Saturday, August 26, 2006

Don’t Stop Thinking About Tomorrow, or Islam and the Decline of the West

Democrat senatorial nominee Ned Lamont’s campaign was stretching the truth a bit – and also taking advantage of a situation to embarrass his opponent, Democrat Senator Joe Lieberman – when campaign manager George Jepsen, citing “a dramatic shift in course,” supposed that Lieberman would denounce Rep. Chris Shays for having adopted a position on the war in Iraq similar to Lamont’s, which may be described charitably as an open-ended withdrawal.

Returning from his 14th trip to Iraq, Shays spoke to a reporter from the plane and said, “"I believe if we left Iraq immediately or prematurely, it would result in just what Joe Lieberman sees: an all-out civil war, fuel prices off the scale. Of greatest concern, ultimately, would be that Islamist terrorists would have won. It would make Iran the new power in the gulf. That can't be allowed to happen."

Shays' talks with Iraqi officials have led him to conclude that, “"The progress simply stopped. The Iraqis lack the political will to be on a time frame to get this done. They want to act in terms of years and we need them to act in terms of months."

Therefore, Shays intends, according to one report, to devise “goals and realistic deadlines that will prod the Iraqis to establish internal security forces and open talks to end sectarian violence - and also reassure the Iraqis that the U.S. will not leave prematurely.”

The future of Iraq will be determined by American resolve; and, as Iraq goes, so goes the entire Middle East – including Israel. American resolve is not likely to hold up very much longer against the barrage of opposition directed against it, primarily by a reinvigorated radical Islamic fundamentalism whose sponsors are Syria, Iran, China and Russia. The battering at home by the usual suspects – Hollywood, the New York Times, bloggers intent on driving Lieberman from the Democrat Party and Lowell Weicker, among a host of others -- has also taken its toll. The rubble in New York is a distant memory, even for those who sit on the city’s principle newspaper. An American who has made his home in Saudi Arabia for a few decades tells me that the United States very likely could not have won World War II without the active assistance of Hollywood and the mainstream press in the United States. He’s betting on the forces of darkness.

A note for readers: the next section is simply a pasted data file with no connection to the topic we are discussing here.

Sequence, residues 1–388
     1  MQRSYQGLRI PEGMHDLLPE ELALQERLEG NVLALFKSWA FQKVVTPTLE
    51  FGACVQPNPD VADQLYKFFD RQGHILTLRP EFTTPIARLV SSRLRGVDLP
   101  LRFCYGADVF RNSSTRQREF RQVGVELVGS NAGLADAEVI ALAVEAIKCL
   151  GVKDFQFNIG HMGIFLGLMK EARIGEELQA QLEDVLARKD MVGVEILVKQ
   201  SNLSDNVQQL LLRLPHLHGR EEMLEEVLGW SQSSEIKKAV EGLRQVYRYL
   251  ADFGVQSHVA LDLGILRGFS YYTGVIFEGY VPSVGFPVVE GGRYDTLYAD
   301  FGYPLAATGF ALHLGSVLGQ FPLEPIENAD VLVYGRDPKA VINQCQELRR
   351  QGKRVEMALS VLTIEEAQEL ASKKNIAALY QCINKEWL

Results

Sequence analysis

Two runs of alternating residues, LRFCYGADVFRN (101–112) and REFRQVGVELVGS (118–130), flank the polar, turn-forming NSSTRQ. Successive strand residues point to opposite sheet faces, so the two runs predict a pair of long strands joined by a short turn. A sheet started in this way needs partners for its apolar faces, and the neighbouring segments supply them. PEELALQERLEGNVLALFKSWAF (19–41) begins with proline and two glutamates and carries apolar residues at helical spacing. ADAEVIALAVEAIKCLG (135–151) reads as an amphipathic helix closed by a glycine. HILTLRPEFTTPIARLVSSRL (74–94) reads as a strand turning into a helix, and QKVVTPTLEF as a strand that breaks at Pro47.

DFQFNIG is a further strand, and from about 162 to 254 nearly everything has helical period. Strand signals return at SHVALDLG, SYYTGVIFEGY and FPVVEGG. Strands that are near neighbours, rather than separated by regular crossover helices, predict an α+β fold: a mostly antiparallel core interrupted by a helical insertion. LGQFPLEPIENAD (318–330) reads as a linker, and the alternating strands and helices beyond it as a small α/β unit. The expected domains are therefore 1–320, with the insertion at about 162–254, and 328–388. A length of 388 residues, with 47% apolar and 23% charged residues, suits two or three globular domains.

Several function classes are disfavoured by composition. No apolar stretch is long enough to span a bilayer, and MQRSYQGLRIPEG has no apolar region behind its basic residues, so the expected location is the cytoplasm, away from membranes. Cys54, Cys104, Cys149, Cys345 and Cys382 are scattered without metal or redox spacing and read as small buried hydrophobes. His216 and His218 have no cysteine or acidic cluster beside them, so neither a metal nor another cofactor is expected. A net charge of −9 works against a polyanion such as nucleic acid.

If the attempt to plant the seeds of democracy in the Middle East fails, as seems likely, Iraq will be partitioned by its traditional enemies. For all practical purposes, the Kurds, who have suffered so much under Saddam Hussein, will find themselves pressed between Turkey and Iran, whose messianic leader, Mahmoud Ahmadinejad, will have absorbed Iran’s traditional enemies in Iraq. That part of Iraq now sandwiched between the Kurds in the north and a relatively free south will become a part of an expanding Iran. An emboldened Syria and Iran will then direct their combined attention to a weakened and abandoned Israel, a mere fly-spec of democratic resistance to the new Islamic fundamentalist hegemon in the Middle East. The new hegemon, animated by Islamic fundamentalism, quickly will become a united caliphate whose drawn scimitar will be plunged into the breast of a disunited Europe.

That is the future that lies behind our veiled politics.

Shay’s timeline may be viewed as a perhaps futile attempt to convince Iraqi officials and those who have devoted their political lives here in the United States to thinking about tomorrow that tomorrow is just around the corner: It will soon be here.

What the moment needs is a Churchill. What it has is a Bush, a Clinton, a Shays, a Lieberman, a Lamont, a burgeoning anti-war movement – and newspapers that have steadfastly failed in their mission of bringing the truth to their reader.

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